Long Handling Times? Good For You

2 min read

Average Handling Time (AHT) measures the amount of time that an agent spends per patient call, including talk time, holds or transfers, and wrap-up time. Before you approach handling time metrics it’s important to consider that the role of a patient access representative is more nuanced than an agent in other industries. Healthcare call center workflows are more complex, and patients expect a high degree of personalization and customer service through interactions that mirror care culture. While too long of handling times can still indicate a problem, too short can be a red flag. 

Average Handling Time is the single call center metric most indicative of the patient experience. A longer handling time may be perfectly appropriate if agents are delivering personalized service by taking the time to touch base with patients on a variety of needs, such as verifying patient data or checking for any upcoming medication refills, routine diagnostics, or preventative care. In healthcare, short handling times are inevitably linked to poor first call resolution rates and subpar customer service. In patient surveys, the words most used to describe a bad patient experience are “rushed,” “rude,” “wait,” and “dismissive.” When asked to identify why the patient experience was so important, more than half of patients point to being treated with respect and taken seriously. This emphasizes the importance of empathy and active listening which are essential soft skills that extend care culture over the phone.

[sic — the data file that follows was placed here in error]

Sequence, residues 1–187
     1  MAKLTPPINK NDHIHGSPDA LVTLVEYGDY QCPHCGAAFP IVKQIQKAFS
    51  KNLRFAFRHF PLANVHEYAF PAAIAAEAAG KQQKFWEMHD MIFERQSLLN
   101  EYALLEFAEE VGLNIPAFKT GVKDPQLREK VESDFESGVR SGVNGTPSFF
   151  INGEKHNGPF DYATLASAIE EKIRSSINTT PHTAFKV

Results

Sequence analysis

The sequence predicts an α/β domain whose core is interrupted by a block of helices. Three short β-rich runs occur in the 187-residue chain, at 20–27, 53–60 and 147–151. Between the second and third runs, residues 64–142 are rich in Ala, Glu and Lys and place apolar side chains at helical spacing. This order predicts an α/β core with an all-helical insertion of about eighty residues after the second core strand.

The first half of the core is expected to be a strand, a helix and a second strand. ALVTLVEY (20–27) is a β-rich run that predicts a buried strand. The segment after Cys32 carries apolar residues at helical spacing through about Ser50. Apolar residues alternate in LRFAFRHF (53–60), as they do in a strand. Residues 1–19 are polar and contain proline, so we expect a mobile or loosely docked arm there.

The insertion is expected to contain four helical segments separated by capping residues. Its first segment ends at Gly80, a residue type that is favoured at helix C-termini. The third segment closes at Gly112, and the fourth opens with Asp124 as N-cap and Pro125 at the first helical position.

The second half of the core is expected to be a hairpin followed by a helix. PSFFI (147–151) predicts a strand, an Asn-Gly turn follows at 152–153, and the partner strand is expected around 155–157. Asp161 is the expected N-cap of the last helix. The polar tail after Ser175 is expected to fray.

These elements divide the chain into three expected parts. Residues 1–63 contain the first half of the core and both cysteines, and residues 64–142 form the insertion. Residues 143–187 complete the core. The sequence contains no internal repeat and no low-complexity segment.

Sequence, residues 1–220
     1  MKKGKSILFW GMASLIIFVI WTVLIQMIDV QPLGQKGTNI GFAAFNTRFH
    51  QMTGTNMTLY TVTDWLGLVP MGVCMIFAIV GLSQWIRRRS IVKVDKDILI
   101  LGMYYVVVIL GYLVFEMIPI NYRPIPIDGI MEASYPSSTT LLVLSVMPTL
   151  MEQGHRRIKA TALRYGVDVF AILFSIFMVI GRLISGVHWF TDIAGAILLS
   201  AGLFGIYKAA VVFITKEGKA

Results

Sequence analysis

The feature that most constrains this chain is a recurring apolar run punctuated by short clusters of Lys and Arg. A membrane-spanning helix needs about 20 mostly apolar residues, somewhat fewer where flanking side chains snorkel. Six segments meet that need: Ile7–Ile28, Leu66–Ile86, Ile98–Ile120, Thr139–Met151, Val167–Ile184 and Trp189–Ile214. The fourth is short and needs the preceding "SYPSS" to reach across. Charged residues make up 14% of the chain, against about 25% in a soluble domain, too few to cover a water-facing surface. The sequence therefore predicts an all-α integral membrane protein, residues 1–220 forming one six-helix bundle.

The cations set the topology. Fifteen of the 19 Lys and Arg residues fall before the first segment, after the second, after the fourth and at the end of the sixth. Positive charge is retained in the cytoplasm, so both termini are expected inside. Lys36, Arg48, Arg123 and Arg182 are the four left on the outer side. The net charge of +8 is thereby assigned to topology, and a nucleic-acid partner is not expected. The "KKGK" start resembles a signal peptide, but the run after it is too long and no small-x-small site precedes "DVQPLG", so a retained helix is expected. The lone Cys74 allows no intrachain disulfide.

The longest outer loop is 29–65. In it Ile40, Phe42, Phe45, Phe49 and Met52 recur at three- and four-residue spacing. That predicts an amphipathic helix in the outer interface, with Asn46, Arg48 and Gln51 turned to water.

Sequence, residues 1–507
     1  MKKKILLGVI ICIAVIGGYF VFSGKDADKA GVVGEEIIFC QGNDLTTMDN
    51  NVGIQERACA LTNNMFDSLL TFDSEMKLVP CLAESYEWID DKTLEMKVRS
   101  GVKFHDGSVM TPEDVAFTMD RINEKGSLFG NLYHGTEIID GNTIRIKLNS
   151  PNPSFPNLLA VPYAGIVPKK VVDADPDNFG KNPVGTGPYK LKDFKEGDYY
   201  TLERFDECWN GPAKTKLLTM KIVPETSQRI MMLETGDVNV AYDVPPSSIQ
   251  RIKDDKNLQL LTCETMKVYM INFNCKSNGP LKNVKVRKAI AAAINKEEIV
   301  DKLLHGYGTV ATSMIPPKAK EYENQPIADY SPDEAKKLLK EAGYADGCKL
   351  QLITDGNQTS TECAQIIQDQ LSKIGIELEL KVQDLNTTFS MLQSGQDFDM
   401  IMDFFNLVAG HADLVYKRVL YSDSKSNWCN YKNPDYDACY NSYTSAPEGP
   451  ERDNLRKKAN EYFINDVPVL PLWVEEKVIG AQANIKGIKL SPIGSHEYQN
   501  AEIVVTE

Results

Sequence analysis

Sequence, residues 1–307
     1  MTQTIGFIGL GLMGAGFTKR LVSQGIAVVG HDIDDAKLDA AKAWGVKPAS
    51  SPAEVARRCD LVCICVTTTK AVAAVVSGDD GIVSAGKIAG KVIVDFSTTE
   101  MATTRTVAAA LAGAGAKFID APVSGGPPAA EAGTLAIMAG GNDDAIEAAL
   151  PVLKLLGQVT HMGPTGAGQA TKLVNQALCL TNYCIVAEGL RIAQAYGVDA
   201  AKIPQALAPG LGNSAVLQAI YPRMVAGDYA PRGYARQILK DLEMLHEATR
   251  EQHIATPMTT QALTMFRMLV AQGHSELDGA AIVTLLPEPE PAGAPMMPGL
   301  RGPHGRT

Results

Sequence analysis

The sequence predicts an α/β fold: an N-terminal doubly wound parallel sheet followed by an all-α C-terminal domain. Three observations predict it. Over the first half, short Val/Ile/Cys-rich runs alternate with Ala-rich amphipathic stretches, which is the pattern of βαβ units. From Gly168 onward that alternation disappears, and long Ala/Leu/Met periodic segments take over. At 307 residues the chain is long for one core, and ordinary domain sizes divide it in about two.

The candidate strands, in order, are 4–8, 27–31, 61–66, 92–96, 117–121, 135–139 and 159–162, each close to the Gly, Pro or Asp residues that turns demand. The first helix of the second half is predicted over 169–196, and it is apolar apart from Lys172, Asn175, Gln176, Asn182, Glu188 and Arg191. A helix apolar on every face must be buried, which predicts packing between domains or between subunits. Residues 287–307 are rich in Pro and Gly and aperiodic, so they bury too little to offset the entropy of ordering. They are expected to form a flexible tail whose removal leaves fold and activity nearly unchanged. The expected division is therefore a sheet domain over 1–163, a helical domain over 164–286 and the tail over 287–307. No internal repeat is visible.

AHT is most useful as a performance indicator when analyzed by its parts; talk time, hold time, and wrap-up time. Lengthy holds and wrap-time can be indicative of poor agent training, inefficiencies in workflows, or difficulties with software and technology. Unusually brief handling times can be problematic and are common when front desk staff is also responsible for phones, as it can become a habit to rush callers when busy with patients onsite. Streamlining internal processes and investing in automation where applicable can improve AHT and ease the burden on agents.

When 96% of patient complaints are related to customer service, then extended handling times are more valuable than any operational gains made by low AHT. What’s more important than performance metrics is that your workflows include multiple touches, ensuring that agents are making genuine connections and personalizing interactions with the compassion and empathy expected from healthcare professionals, and helping patients stay ahead of care needs. Striking a balance between efficiency and courtesy is critical.

Dive deeper into healthcare call center performance metrics is our white paper:

Behind the Metrics: Exploring The Realities Of Healthcare Call Center Performance Indicators